Sunday, April 3, 2011

Sant' Andrea della Valle

Above the awnings of the Campo dei Fiori I spotted the dome of Sant' Andrea della Valle, the highest in Rome after St. Peter's itself.

From the front, the church looks like nothing much, with busy streets buzzing around it and the ubiquitous Roman scaffolding blocking the main entrance. Curiosity caused me to poke around until I found a small green-painted wooden door on the side. It opened when I pushed ...

... and what to my wondering eyes did appear but a perfectly preserved early Baroque church overflowing with natural light and as empty of people as if the last trumpet had already sounded.

Every element, wherever the eye turned, made its own harmonious contribution to the overall effect and earned the space it occupied.

Legions of early 17th century hotshots had a hand in this masterpiece. The Evangelists in the pendentives (triangular spaces supporting the dome) were painted by Domenichino.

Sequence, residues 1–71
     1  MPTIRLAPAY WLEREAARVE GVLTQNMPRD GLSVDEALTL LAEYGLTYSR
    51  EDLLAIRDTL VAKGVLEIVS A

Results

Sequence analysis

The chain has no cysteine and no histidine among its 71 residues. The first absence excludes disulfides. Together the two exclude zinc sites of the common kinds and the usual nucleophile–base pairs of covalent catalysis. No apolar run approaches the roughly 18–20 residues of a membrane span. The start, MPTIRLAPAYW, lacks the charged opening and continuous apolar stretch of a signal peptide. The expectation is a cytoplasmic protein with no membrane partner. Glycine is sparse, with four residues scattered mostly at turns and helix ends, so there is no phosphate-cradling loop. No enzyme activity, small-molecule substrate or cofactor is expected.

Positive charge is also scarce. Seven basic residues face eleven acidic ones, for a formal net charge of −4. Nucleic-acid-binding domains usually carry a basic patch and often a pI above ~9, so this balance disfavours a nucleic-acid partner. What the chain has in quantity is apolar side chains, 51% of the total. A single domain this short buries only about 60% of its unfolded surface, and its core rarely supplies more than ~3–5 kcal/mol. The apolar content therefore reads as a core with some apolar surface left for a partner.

According to the guidebook, "The gigantic frescoes above and on either side of the high altar, showing the Martyrdom of St. Andrew, were executed by the decorative artist Mattia Preti several decades later."

Of course that phrase "decorative artist" means that you are not supposed to admire them very much – but to my mind, like the statues, seen in context they were exactly right.

My happiness was complete when I discovered a side chapel with a heavy grille in front of it and a sign asserting in Italian that it was the very chapel where Puccini set the first act of Tosca, a location set designers have reproduced before my eyes any number of times, where the heroine's boyfriend Mario is painting his blond-haired version of the Virgin. In the chapel at Sant' Andrea, hanging high over the small altar, once could supposedly see the very same Madonna that made the black-haired Tosca so jealous – which I had no hesitation about believing.